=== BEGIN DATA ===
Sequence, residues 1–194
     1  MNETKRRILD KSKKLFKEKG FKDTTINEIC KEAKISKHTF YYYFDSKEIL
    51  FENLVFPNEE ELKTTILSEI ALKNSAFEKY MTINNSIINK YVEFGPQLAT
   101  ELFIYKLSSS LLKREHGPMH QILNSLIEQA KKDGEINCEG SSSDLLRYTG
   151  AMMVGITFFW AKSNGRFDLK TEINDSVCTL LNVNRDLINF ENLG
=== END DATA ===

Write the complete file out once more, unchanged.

Sequence, residues 1–194
     1  MNETKRRILD KSKKLFKEKG FKDTTINEIC KEAKISKHTF YYYFDSKEIL
    51  FENLVFPNEE ELKTTILSEI ALKNSAFEKY MTINNSIINK YVEFGPQLAT
   101  ELFIYKLSSS LLKREHGPMH QILNSLIEQA KKDGEINCEG SSSDLLRYTG
   151  AMMVGITFFW AKSNGRFDLK TEINDSVCTL LNVNRDLINF ENLG